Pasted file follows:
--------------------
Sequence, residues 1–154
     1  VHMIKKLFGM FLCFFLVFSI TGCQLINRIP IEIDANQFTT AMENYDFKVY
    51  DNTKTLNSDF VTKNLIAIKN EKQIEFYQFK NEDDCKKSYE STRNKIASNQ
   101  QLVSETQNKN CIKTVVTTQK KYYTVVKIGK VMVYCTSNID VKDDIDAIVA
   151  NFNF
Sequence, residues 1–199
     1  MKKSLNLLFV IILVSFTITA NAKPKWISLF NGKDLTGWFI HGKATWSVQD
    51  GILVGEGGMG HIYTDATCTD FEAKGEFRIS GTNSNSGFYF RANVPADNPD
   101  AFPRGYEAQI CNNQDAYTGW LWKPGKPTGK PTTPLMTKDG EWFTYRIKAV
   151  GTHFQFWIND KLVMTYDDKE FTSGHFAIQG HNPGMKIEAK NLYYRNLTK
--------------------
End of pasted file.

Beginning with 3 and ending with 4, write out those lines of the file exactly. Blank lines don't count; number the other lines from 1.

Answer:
    51  DNTKTLNSDF VTKNLIAIKN EKQIEFYQFK NEDDCKKSYE STRNKIASNQ
   101  QLVSETQNKN CIKTVVTTQK KYYTVVKIGK VMVYCTSNID VKDDIDAIVA